• SB 4 encourages the inquiry and threatens to remove any elected official who does not enforce it.




Sen. Lois Kolkhorst,
R-Brenham[/caption]

Senate Bill 6: Bathroom bill


Status: Failed in the House


What is it?





  • The bill would nullify local nondiscrimination ordinances that apply to lesbian, gay, bisexual, transgender and queer individuals as it relates to bathroom use and would regulate bathroom use based on biological gender.




  • Lt. Gov. Dan Patrick listed the bill as a legislative priority.




  • Failed in the House, but Abbott revived its companion bill—HB 2899—for the special session, which revokes nondiscrimination ordinances related to bathroom use.




What it means for Austin?





  • It would undermine Austin’s 2014 ordinance requiring businesses to make single-occupancy bathrooms gender-neutral.




  • Austin Mayor Steve Adler said the bill would threaten the inclusive culture in Austin, one of the more prominent LGBTQ communities in the country.




  • Adler said more than 25 conventions have threatened to abandon Austin in the event of a bathroom bill passage, which would have a significant financial impact on the city.




Rep. Chris Paddie,
R-Marshall[/caption]

House Bill 100: Ride-hailing


Status: Signed by Abbott on May 29, effective immediately


What is it?





  • The bill was proposed in the wake of cities, including Austin, instituting their own ride-hailing business regulations, which the Legislature found restrictive.




  • HB 100 establishes a statewide framework of regulation, voiding any existing local ordinance.




What it means for Austin?





  • Ride-hailing drivers no longer have to undergo fingerprint-based background checks.




  • Ride-hailing giants Uber and Lyft, which left following the city’s support of the fingerprinting in 2016, returned the same day the legislation went into effect.




Rep. Tom Craddick, R-Midland[/caption]

House Bill 62: Texting while driving


Status: Signed by Abbott on June 6, effective Sept. 1


What is it?





  • Texas was one of four states without a texting-while-driving ban.




  • Last year 455 people were killed, and over 3,000 were seriously injured in distracted-driving crashes.




  • The bill prohibits a driver from texting unless he or she is at a complete stop, but it still permits the use of GPS systems and texting for emergency purposes.




  • It does not undo any local ordinance.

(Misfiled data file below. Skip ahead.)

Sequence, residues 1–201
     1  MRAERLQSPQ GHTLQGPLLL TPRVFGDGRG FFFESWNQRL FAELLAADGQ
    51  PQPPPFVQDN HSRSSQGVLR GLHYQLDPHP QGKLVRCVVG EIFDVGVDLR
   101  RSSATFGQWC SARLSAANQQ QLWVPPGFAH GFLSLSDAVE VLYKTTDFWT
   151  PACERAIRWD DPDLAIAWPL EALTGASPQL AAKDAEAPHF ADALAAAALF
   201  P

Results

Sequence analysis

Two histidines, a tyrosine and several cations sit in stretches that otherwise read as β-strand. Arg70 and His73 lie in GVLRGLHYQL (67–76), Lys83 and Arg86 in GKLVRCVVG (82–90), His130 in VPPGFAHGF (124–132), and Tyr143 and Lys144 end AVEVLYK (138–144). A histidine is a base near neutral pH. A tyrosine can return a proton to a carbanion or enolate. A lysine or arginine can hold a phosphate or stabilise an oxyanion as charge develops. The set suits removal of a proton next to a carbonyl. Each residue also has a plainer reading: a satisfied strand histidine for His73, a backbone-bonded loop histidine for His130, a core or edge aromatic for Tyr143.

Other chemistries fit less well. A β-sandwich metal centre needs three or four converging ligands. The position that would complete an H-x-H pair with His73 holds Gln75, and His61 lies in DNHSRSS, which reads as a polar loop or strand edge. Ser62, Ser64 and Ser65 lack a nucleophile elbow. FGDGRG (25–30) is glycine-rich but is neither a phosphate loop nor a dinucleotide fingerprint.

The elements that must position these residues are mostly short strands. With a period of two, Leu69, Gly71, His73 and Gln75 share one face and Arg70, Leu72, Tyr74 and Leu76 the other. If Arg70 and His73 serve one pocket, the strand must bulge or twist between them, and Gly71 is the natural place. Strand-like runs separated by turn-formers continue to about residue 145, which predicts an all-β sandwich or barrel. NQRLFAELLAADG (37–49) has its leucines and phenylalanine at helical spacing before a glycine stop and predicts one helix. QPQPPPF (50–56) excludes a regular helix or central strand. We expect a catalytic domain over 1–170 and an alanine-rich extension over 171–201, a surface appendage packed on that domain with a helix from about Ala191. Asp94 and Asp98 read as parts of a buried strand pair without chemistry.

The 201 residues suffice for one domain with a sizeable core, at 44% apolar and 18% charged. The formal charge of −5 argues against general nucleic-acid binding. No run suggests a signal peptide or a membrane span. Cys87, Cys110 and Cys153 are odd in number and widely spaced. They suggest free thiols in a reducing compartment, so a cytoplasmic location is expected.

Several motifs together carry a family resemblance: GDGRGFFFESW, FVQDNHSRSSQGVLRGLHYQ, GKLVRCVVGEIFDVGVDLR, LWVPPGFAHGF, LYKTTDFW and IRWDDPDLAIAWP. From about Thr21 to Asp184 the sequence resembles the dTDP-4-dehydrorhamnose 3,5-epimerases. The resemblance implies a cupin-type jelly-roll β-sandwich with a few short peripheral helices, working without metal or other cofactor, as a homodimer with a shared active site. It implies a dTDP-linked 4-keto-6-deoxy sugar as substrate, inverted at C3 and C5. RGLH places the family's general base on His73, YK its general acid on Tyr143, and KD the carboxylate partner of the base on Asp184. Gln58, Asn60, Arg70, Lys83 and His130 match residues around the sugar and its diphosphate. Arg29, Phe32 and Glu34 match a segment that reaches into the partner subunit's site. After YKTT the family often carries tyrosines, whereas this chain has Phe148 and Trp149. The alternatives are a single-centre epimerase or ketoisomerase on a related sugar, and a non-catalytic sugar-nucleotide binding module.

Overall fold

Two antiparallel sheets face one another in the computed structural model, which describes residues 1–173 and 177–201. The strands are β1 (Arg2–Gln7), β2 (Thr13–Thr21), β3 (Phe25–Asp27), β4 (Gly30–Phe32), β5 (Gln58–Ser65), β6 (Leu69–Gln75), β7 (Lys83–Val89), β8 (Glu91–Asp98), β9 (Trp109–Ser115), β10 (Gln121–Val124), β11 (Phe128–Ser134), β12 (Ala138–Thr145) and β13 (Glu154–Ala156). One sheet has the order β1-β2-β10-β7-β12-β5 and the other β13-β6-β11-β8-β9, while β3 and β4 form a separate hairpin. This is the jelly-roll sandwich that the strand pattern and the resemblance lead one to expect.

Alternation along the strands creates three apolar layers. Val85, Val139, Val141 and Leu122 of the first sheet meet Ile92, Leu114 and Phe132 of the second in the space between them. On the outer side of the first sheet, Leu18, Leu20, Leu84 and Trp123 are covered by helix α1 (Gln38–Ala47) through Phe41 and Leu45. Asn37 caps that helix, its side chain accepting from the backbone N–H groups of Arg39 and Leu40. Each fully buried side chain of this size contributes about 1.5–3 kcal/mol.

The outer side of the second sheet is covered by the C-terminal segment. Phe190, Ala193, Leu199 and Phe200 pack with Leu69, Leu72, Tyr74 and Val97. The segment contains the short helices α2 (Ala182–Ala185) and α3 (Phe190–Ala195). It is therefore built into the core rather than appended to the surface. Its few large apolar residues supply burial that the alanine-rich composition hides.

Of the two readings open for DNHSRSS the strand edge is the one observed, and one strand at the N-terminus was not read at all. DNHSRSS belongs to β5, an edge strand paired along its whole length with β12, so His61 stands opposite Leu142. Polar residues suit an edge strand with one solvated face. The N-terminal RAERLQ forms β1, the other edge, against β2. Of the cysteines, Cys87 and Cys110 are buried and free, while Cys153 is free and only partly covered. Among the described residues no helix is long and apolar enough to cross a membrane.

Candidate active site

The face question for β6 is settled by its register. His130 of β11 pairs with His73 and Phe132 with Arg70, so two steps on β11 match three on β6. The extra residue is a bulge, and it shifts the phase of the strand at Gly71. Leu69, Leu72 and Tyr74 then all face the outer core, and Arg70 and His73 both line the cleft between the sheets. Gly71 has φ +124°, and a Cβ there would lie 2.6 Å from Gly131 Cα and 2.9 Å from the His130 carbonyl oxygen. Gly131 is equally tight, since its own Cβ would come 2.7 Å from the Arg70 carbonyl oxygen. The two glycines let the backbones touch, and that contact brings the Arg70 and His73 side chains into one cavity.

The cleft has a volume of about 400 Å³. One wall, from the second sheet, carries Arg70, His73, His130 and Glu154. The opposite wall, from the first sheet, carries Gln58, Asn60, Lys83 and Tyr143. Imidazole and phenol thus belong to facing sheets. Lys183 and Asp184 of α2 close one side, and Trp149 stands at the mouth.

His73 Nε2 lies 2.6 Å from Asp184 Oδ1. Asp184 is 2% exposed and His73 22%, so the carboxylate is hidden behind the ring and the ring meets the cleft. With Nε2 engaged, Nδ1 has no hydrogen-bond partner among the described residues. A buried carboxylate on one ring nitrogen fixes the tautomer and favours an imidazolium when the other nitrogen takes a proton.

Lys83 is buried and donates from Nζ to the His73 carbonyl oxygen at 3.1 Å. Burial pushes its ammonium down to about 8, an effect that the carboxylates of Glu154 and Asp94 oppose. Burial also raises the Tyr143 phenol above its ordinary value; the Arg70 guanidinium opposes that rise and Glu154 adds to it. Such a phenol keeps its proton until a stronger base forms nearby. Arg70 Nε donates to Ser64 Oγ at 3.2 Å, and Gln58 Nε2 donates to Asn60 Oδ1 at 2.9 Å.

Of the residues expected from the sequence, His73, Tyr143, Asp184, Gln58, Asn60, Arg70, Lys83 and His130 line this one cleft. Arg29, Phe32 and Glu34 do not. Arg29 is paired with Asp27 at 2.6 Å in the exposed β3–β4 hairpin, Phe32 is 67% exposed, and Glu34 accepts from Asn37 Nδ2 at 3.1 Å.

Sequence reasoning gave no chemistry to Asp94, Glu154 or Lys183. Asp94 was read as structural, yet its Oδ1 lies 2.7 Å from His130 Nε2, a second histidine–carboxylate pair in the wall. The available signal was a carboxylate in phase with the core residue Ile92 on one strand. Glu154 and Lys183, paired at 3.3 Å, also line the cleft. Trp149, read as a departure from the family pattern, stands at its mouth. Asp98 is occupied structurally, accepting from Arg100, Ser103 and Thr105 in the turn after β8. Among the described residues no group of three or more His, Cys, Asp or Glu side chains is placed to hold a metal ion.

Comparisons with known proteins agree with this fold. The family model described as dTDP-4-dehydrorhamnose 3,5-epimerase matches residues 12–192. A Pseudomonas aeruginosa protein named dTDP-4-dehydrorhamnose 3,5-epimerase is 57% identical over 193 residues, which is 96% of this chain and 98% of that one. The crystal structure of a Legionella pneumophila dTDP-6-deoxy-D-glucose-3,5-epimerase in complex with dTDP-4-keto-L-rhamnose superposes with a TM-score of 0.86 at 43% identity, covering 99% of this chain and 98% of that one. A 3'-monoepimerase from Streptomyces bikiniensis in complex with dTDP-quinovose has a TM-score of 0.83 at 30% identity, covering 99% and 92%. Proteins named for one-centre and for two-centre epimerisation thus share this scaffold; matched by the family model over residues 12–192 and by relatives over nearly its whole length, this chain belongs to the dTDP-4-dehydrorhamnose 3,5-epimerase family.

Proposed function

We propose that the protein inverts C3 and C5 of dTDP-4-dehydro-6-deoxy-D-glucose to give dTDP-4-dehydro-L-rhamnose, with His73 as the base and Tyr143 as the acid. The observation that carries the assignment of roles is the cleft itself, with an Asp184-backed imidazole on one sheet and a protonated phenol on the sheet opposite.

What it means for Austin?





  • Austin passed a citywide ban on electronic device use while driving in 2014.




  • Austin’s law is tighter than the state’s regulation and also applies to bicyclists.




  • In his call for a special session, Abbott urged legislators to pass a law that would preempt all local ordinances and effectively loosen Austin’s rules.




Rep. Ron Simmons,
R-Carrollton[/caption]

House Bill 1449: Linkage fees


Status: Signed by Abbott on May 29, effective immediately


What is it?





  • Simmons suggested a bill to eliminate linkage fees, which the city of Austin was considering implementing.




  • Linkage fees are fees levied on new construction to raise money for affordable housing. No city in Texas currently implements linkage fees.




  • Opponents of the bill said it would supersede local control and harm a municipality’s ability to make decisions about affordable housing.




What it means for Austin?





  • In the midst of its own housing and affordability crisis, Austin officials were seriously considering adopting a linkage fee policy.




  • HB 1449 took that option off the table.




  • Austin will now have to rely on other affordable housing funding mechanisms, such as density bonus programs.




Sen. Kelly Hancock,
R-North Richland Hills[/caption]

Senate Bill 1004: Small cell tower expansion


Status: Sent to Abbott on May 27


What is it?





  • The bill gives telecom companies easier and cheaper access to the public’s right of way.




  • Cities would no longer have exclusive control over the public rights of way, and would have to allow third-party access to traffic signals and other city infrastructure at a capped fee of $250 per installed signal node per year.




  • The bill would encourage a stronger wireless internet framework in cities, but as the Legislative Budget Board noted it could have significant negative fiscal impacts locally.




What it means for Austin?





  • Austin just inked deals with AT&T, Verizon, Sprint and T-Mobile to allow the companies to install some nodes on public rights of way.




  • The city charged $1,500 per node per year, but it will have to cap the annual fee at $250.




Sen. Donna Campbell,
R-New Braunfels[/caption]

Senate Bill 715: Annexation rights


Status: Filibustered, failed in Senate


What is it?





  • Revamping the state’s annexation policies was proposed to give a stronger voice to the residents of a potentially annexed area.




  • State law allows a city to annex the equivalent of up to 10 percent per year of its incorporated land from its extraterritorial jurisdiction, or ETJ—unincorporated land within 5 miles of its city limits.




  • Cities would need majority approval of residents in the area before an annexation.




  • Abbott revived the bill for his special session.




What it means for Austin?

  • Next year Austin has the right to annex up to 18,000 acres of land.

  • Austin would have to seek approval from residents before moving forward.

  • Legislation could reverse the planned annexation of communities such as River Place—scheduled to be annexed Dec. 31—despite being slated for annexation since 2009.

By Christopher Neely
Christopher Neely is Community Impact's Austin City Hall reporter. A New Jersey native, Christopher moved to Austin in 2016 following years of community reporting along the Jersey Shore. His bylines have appeared in the Los Angeles Times, Baltimore Sun, USA Today and several other local outlets along the east coast.